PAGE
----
5. A cooled flow-directing member for a high-temperature turbomachine comprising, in combination, a hollow airfoil with leading and trailing edges and two faces extending from the leading edge to the trailing edge, a hollow liner mounted within and extending spanwise of the airfoil, means for conducting a cooling fluid into the liner, means spacing the liner from the interior of the airfoil to define cooling fluid passages extending between each face and the liner from near the leading edge to near the trailing edge, and means defining a cooling fluid outlet at the trailing edge of the airfoil; the liner comprising two sheet metal walls disposed generally parallel to the blade faces and joined at the leading and trailing edges to provide a tubular generally airfoil-shaped structure and including two strips abutted between the walls at the leading edge of the liner, the walls and strips being bonded together into a laminated structure, each strip having a row of grooves each extending across the inner face of the strip, with each groove aligned with a groove in the abutting strip, each aligned pair of grooves being configured to define a nozzle for discharging a jet of cooling fluid from the liner against the inner surface of the airfoil leading edge.

6. A combination as recited in claim 5 in which the grooves and nozzles converge toward the leading edge.

Patent Citations
Cited PatentFiling datePublication dateApplicantTitle
US2853272 *Sep 8, 1953Sep 23, 1958Napier & Son LtdHollow blades for turbo machines
US3075744 *Aug 16, 1960Jan 29, 1963United Aircraft CorpTurbine nozzle vane mounting means
US3388888 *Sep 14, 1966Jun 18, 1968Gen ElectricCooled turbine nozzle for high temperature turbine
Referenced by
Citing PatentFiling datePublication dateApplicantTitle
US3747182 *Feb 22, 1972Jul 24, 1973United Aircraft CorpMethod of fabricating a hollow turbine blade having an insert therein
US3782852 *Aug 22, 1972Jan 1, 1974Rolls RoyceGas turbine engine blades
US3806274 *Aug 22, 1972Apr 23, 1974Rolls Royce 1971 LtdGas turbine engine blades
US3806275 *Aug 30, 1972Apr 23, 1974Gen Motors CorpCooled airfoil
US3846041 *Oct 31, 1972Nov 5, 1974Avco CorpImpingement cooled turbine blades and method of making same
US3899267 *Apr 27, 1973Aug 12, 1975Gen ElectricTurbomachinery blade tip cap configuration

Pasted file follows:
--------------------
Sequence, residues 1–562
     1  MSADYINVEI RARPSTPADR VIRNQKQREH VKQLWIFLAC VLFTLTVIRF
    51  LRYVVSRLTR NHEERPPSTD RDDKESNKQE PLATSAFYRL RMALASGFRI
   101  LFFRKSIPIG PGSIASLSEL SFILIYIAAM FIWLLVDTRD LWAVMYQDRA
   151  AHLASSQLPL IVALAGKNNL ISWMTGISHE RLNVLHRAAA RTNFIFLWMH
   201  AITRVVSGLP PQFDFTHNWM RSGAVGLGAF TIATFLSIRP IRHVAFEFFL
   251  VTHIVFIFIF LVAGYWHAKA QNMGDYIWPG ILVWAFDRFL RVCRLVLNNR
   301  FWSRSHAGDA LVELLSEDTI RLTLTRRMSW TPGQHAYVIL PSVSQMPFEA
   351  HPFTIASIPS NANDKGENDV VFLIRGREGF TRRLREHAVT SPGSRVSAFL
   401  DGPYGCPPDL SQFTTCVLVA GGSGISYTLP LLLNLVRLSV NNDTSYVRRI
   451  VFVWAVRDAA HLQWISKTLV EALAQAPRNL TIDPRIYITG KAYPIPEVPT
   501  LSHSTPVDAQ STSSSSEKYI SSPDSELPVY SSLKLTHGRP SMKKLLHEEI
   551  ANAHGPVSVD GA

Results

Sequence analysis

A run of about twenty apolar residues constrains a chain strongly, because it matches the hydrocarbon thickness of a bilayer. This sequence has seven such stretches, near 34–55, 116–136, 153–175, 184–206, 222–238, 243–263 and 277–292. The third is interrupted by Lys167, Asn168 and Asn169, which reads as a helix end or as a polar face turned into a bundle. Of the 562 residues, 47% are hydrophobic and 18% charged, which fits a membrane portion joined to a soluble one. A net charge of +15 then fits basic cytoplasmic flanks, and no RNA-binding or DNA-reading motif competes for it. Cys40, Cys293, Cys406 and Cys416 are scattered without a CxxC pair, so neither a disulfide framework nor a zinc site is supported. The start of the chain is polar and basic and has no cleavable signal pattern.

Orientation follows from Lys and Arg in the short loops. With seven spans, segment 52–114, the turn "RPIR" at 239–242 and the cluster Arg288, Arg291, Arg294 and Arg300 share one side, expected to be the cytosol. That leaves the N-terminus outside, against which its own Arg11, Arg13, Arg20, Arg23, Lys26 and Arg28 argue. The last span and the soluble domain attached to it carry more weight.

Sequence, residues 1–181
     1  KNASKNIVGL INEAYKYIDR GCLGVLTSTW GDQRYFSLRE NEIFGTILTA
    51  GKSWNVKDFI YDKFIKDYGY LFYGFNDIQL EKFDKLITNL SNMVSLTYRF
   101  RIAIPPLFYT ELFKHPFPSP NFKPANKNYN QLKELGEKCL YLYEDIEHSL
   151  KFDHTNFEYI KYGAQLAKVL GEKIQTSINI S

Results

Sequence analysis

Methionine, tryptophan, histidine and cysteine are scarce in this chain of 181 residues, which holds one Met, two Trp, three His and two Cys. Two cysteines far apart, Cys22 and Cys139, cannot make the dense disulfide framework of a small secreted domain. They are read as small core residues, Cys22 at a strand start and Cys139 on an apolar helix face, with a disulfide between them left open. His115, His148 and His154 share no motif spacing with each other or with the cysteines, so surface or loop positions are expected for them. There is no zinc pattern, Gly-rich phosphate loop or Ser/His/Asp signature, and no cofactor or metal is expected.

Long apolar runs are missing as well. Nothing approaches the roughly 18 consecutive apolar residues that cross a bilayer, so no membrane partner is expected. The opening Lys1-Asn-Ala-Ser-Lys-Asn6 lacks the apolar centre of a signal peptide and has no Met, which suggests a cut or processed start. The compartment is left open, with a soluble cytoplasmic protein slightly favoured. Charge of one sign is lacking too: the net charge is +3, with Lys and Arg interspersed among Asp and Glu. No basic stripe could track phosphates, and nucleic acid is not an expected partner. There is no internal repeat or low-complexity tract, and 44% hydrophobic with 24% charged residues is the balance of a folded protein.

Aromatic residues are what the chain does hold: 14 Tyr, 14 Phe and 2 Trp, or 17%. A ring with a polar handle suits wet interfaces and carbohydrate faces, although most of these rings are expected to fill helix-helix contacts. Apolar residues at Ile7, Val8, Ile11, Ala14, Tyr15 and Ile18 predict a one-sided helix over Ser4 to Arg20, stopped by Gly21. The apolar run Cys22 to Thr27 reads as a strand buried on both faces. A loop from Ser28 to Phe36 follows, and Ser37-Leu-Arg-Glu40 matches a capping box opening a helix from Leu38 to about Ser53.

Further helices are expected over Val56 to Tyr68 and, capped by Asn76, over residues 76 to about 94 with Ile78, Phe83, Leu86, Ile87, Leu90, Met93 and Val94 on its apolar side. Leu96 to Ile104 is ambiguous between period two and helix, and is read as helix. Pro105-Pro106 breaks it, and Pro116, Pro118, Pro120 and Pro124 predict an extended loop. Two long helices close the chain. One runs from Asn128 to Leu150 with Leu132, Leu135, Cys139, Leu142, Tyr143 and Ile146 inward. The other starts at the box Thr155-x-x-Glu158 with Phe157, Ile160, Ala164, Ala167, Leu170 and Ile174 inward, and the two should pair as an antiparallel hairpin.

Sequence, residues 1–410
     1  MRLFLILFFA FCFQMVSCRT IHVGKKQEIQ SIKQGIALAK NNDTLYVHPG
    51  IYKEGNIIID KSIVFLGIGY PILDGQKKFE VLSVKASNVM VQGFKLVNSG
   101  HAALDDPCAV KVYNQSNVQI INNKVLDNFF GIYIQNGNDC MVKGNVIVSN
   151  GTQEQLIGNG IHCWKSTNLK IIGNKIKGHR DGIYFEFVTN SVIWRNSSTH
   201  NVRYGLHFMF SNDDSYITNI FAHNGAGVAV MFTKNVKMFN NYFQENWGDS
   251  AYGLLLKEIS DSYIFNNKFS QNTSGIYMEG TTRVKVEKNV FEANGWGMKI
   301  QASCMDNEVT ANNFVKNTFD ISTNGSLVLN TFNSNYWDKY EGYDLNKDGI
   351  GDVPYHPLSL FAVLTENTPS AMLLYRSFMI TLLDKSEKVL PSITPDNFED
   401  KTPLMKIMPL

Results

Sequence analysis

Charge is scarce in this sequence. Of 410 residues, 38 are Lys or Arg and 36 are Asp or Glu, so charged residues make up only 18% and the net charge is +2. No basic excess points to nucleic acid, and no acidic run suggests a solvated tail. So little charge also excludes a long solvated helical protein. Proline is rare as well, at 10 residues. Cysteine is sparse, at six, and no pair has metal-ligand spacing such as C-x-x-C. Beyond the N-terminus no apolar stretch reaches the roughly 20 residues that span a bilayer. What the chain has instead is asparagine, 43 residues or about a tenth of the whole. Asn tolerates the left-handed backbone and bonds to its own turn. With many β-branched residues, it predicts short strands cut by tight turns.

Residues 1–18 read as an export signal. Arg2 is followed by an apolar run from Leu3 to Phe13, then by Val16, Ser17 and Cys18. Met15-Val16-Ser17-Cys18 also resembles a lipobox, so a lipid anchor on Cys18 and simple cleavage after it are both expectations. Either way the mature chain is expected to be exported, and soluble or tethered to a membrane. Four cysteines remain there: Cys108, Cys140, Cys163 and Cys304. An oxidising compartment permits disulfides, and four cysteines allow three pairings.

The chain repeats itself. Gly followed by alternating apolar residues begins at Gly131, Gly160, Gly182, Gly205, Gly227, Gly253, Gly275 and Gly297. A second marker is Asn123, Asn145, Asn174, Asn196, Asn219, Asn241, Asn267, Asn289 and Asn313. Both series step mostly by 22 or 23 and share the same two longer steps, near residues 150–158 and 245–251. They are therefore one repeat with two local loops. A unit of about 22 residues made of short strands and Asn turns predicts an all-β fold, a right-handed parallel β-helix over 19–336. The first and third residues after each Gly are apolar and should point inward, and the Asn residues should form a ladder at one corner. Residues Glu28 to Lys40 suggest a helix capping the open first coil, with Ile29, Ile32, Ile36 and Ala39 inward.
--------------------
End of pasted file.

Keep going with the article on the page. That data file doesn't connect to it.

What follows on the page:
US3902820 *Jul 2, 1973Sep 2, 1975Westinghouse Electric CorpFluid cooled turbine rotor blade
US3930748 *Jul 27, 1973Jan 6, 1976Rolls-Royce (1971) LimitedHollow cooled vane or blade for a gas turbine engine
US4019831 *Aug 28, 1975Apr 26, 1977Brown Boveri Sulzer Turbomachinery Ltd.Cooled rotor blade for a gas turbine
US4020538 *Dec 9, 1974May 3, 1977General Electric CompanyTurbomachinery blade tip cap configuration
US4314794 *Oct 25, 1979Feb 9, 1982Westinghouse Electric Corp.Transpiration cooled blade for a gas turbine engine
US4403917 *Jan 5, 1981Sep 13, 1983Societe Nationale D'etude Et De Construction De Moteurs D'aviation "S.N.E.C.M.A."Turbine distributor vane
US4604780 *Feb 3, 1983Aug 12, 1986Solar Turbines IncorporatedMethod of fabricating a component having internal cooling passages
US4650399 *May 7, 1984Mar 17, 1987United Technologies CorporationRotor blade for a rotary machine
US5259730 *Feb 10, 1993Nov 9, 1993General Electric CompanyImpingement cooled airfoil with bonding foil insert
US5957605 *Oct 8, 1997Sep 28, 1999Gliders, Inc.Containment and application device for liquid, semi-liquid, solid and semi-solid products and method of manufacturing same
US6413041 *Aug 2, 2000Jul 2, 2002Siemens Westinghouse Power CorporationMethod and apparatus for closing holes in superalloy gas turbine blades
US6474944 *May 1, 2001Nov 5, 2002General Electric CompanyHollow nozzle partition with recessed end caps
US6955525Aug 8, 2003Oct 18, 2005Siemens Westinghouse Power CorporationCooling system for an outer wall of a turbine blade
US7674092 *Feb 25, 2005Mar 9, 2010Siemens AktiengesellschaftBlade or vane for a turbomachine
US8070421 *Mar 26, 2008Dec 6, 2011Siemens Energy, Inc.Mechanically affixed turbine shroud plug
US8070448 *Oct 30, 2008Dec 6, 2011Honeywell International Inc.Spacers and turbines
US8215181 *Sep 3, 2009Jul 10, 2012Rolls-Royce North American Technologies, Inc.Evaluation technique for bonded, dual wall static and rotating airfoil materials
US8961133 *Jun 10, 2011Feb 24, 2015Rolls-Royce North American Technologies, Inc.Gas turbine engine and cooled airfoil
US20120051924 *Aug 31, 2010Mar 1, 2012General Electric CompanyTurbine Blade Assembly
US20120163994 *Jun 10, 2011Jun 28, 2012Okey KwonGas turbine engine and airfoil
EP1905954A1 *Sep 20, 2006Apr 2, 2008Siemens AktiengesellschaftTurbine blade
Classifications
U.S. Classification416/97.00R, 416/96.00R, 416/96.00A, 416/90.00R, 416/219.00R, 416/220.00R, 29/889.721, 416/224, 416/248
International ClassificationF01D5/18
Cooperative ClassificationF01D5/189
European ClassificationF01D5/18G2C